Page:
Ari Fuld (Photo Credit: Ari Fuld from his Facebook page)
Today the People of Israel — let alone our town of Efrat — lost someone very special. Ari Fuld: “a hero;” “larger than life;” and “a champion for Israel” was murdered by an Arab terrorist outside the Rami Levi Supermarket in Gush Etzion.
Our Defense Minister Liberman promised an “iron fist,” but no government iron fist can beat back the tide of the NGOs funded by the European Union pushing for a boycott of Israel, as well as the end of the Jewish renaissance.
No, that iron fist will have to come from those who are simply like Ari — making a tireless case for the State of Israel, its beauty and its people. Yet, in the end words fail us — they can never capture what really was, and what were our hopes for the future.
Yet, perhaps we can take solace in our children — who may someday grow up to be like Ari. My wife, Rachel, asked me to write down what she felt and what she experienced today at school when the bad news fell like a heavy tree upon us all:
“It was the time for me that I had to return to my class of seventh graders. I had to tell the kids what happened outside Rami Levi that morning. I felt like I was choking — that I could not speak the words I needed to speak. When I told them what happened, they each had their own reaction: some lowering their heads, while others grasping their ears and rocking back and forth — all in anguish. “I found myself in a class where most of the kids were crying. The tears dripped onto their clothes, while others flowed onto their table. Some tried to hide the tears, but they could not hide their anguish. “The only empty chair was the chair of Natan — a child whose smile (in better or even difficult times) fills the room. The chair was not wet, and the chair didn’t rock, but the chair looked lonely and anguished. “I looked at their eyes — blue eyes tearing, brown eyes tearing, black eyes tearing, all shining — but failing to reflect the sun streaming into the room. Soon, I found myself looking at them through a veil of my own tears — tears of mine own anguish. “We read Tehillim (Psalms) together. In Tehillim, we asked: ‘How long will the wicked exult?’ I had no answer. I looked at their tears and yet had no answers. But, then I began to think that if only we could collect all the tears and send them up to heaven, then perhaps, some day, ‘...those who tearfully sow will reap in songs of joy.’”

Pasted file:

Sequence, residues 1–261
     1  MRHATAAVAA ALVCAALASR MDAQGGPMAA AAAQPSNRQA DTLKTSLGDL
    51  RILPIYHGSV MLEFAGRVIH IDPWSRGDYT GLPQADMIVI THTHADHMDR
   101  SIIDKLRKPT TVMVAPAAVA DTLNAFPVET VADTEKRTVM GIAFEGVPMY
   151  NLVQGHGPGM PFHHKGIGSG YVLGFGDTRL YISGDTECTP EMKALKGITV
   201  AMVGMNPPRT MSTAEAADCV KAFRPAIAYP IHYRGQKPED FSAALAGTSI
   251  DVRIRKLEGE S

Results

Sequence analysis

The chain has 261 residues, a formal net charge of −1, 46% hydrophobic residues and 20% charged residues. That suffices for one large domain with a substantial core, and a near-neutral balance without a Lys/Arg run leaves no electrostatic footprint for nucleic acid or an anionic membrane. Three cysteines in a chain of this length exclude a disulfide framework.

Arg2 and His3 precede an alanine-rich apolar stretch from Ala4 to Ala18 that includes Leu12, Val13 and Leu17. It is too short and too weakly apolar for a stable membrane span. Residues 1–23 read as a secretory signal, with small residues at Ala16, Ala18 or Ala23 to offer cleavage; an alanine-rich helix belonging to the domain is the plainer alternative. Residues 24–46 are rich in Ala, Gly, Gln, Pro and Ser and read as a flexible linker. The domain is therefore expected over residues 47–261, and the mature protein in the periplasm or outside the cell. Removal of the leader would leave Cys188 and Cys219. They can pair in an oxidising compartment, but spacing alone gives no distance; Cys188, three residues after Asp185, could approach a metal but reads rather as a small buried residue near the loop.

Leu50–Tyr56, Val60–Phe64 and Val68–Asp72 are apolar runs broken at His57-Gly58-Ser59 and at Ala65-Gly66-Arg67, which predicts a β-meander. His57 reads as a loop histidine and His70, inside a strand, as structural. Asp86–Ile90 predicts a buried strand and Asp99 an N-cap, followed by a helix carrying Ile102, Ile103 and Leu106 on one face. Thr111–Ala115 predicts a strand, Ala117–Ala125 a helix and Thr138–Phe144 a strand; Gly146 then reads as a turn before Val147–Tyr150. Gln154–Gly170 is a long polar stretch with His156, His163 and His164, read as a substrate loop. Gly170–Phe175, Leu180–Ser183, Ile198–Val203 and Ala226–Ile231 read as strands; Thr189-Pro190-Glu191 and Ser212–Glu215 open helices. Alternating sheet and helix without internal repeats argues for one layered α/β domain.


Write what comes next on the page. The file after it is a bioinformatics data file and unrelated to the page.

Editor’s note: A few memorial funds — at this link and at this link — have been established to help the widow and orphans of Ari Fuld, HY”D. Viewing Ari Fuld’s videos, here and here, can give an idea of the passionate strength of a special man — may the family find comfort among the mourners of Zion.